2 out of 3 Americans would take a pay cut to be able to work remotely full-time, a survey found.
More than 50% would give up Amazon, Netflix, or social media for a year to be able to work remotely.
More than one-third would give up the right to ever vote again in exchange for fully remote work.
Americans are desperate to continue working remotely well beyond the pandemic.
To work from home full-time, they'd be willing to make some serious sacrifices, according to a recent survey from insurance company Breeze. The survey included 1,000 American adults who were either employed at a job - or looking for one - that could be performed completely remotely.
Of the respondents, 65% said they'd be willing to take a 5% pay cut in order to have the option to work remotely full-time. Some remained unfazed with the prospect of an even larger pay cut, with one in seven saying they'd give up 25% of their salaries to be able to work from home forever.
On average, around 45% would trade some kind of insurance benefits, such as vision, dental, or health insurance, for full-time remote work.
The surveyed Americans also said they'd be willing to clock more time at work if they could do it from home.
Fifty-three percent of them said they'd put in an extra 10 hours every week at the office if the office was their home. Nearly half of them said they'd concede 25% of their paid time off in exchange for a full-time remote work option. One in seven said they'd give up all of their PTO for remote work.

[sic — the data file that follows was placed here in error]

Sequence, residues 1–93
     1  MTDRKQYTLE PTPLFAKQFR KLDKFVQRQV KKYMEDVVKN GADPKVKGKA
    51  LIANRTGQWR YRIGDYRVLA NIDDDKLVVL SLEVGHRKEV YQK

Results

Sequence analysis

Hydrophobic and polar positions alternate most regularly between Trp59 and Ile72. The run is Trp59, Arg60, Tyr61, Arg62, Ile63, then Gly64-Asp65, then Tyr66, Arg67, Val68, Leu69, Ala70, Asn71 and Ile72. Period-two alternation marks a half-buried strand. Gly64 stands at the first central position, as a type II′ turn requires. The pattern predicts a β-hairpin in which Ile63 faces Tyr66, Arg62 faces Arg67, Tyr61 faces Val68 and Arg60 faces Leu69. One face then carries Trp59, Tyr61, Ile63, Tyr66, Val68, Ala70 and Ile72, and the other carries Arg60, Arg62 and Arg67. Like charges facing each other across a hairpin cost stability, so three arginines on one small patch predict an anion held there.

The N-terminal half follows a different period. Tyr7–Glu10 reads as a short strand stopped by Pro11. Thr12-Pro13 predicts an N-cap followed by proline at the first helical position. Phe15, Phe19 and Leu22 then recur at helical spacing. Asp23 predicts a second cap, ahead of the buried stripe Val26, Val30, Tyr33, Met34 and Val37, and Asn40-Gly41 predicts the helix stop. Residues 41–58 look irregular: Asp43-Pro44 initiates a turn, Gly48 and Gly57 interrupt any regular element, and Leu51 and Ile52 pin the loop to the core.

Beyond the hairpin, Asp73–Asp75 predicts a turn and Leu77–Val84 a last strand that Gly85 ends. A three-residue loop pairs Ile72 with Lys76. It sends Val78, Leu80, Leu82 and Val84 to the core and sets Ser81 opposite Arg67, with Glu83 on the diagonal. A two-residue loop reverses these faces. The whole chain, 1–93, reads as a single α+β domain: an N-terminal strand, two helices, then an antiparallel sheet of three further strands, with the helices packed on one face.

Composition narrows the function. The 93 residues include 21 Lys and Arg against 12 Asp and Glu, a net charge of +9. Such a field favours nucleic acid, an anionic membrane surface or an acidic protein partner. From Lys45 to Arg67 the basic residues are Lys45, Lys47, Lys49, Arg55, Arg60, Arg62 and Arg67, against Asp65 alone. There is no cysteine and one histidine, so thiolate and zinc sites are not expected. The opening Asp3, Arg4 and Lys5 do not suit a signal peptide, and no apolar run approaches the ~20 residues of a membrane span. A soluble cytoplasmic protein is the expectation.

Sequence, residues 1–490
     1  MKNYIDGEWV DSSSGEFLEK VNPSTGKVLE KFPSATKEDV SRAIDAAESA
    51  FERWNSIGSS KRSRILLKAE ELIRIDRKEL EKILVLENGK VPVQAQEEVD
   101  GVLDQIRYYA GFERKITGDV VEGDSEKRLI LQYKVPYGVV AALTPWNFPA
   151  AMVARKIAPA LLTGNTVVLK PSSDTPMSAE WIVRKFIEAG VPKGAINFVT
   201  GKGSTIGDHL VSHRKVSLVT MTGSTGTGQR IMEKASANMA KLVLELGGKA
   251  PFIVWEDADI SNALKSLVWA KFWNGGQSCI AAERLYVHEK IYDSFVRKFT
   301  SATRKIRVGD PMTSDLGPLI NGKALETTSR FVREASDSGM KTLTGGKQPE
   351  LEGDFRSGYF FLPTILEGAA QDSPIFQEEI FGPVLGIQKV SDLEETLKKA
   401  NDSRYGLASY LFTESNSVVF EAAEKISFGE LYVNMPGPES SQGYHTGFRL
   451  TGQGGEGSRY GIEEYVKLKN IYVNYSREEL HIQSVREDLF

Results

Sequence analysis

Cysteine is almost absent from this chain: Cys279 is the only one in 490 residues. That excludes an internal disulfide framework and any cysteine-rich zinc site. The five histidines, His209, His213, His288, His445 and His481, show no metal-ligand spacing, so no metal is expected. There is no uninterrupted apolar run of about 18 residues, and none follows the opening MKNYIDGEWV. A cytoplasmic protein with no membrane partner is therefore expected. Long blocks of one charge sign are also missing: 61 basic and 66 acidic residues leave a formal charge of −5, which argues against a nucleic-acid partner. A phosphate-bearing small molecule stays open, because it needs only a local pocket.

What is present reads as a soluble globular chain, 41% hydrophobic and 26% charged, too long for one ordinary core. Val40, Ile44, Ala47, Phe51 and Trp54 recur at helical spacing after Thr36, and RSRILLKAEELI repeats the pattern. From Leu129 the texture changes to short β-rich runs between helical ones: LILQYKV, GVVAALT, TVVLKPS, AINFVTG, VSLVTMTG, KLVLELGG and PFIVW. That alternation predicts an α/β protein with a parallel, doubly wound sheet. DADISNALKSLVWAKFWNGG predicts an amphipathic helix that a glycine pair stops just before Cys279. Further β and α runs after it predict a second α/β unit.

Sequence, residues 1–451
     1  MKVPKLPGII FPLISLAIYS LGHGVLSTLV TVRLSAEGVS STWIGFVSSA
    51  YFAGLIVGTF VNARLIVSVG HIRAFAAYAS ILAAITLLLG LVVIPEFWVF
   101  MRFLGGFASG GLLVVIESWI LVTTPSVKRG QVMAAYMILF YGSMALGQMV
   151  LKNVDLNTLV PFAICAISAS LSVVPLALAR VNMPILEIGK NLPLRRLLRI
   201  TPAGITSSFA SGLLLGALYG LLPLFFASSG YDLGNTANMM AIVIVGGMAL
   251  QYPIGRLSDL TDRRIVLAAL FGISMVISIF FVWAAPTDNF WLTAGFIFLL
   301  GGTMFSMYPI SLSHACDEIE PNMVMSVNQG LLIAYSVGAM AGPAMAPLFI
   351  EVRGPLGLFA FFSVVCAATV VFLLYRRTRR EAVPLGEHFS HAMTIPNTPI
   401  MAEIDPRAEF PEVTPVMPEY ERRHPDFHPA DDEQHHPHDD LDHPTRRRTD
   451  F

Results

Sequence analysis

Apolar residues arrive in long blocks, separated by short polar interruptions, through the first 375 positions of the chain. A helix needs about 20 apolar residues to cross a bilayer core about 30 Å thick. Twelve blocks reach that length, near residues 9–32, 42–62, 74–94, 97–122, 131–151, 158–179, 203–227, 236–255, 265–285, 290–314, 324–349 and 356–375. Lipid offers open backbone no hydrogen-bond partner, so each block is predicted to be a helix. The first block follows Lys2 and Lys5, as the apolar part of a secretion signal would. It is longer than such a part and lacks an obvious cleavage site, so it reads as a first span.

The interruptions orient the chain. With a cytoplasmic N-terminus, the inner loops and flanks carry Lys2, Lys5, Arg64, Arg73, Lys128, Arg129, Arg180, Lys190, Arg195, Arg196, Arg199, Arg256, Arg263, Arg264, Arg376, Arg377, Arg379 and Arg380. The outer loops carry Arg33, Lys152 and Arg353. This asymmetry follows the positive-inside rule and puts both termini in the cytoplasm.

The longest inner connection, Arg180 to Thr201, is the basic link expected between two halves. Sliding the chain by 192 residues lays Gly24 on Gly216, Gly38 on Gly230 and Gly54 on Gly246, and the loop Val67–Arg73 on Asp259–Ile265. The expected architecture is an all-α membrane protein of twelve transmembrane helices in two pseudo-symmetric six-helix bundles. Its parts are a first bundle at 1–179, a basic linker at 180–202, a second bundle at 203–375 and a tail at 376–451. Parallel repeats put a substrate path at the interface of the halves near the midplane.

Some even showed willingness to give up some technology and even their voting rights to be able to work fully remotely.
Breeze found that just over half of the surveyed people would be willing to go without Netflix, Amazon, or social media for the next year to work from home full-time. More than one-third said they'd give up their right to vote in all future local and national elections for the rest of their lives to gain the option of working remotely forever.
Other things respondents said they'd trade for full-time remote work include 401ks, paid parental leave, mental health benefits, fitness benefits, and student loan repayment assistance benefits, according to the survey.
When evaluating the data by age demographics, Breeze had some notable takeaways.
Overall, Gen X was often the most likely generation to sacrifice pay, benefits, or PTO for the ability to work fully remotely, the survey found. Baby Boomers were the least likely generation to trade benefits and perks for remote work. Millennials were least likely to sacrifice life insurance benefits. Gen Z was least likely to give up mental health benefits, Netflix, or social media but most likely to give up the right to vote.
The survey's findings come as big companies push back their return-to-office plans as the Delta variant continues to spread across the country. Apple has moved its slated return date from September to October. Google recently did the same. Lyft and DoorDash have pushed their office return dates to 2022.
Read the original article on Business Insider